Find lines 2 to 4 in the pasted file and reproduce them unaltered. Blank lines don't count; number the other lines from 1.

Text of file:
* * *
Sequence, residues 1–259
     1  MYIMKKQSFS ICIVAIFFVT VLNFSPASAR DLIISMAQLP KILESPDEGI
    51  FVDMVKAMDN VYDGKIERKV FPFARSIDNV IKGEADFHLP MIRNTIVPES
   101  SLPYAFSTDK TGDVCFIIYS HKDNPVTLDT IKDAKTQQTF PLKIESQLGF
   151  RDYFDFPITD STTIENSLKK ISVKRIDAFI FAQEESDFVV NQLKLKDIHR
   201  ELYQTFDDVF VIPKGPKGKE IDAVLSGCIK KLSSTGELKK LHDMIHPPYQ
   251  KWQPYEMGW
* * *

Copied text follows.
     1  MYIMKKQSFS ICIVAIFFVT VLNFSPASAR DLIISMAQLP KILESPDEGI
    51  FVDMVKAMDN VYDGKIERKV FPFARSIDNV IKGEADFHLP MIRNTIVPES
   101  SLPYAFSTDK TGDVCFIIYS HKDNPVTLDT IKDAKTQQTF PLKIESQLGF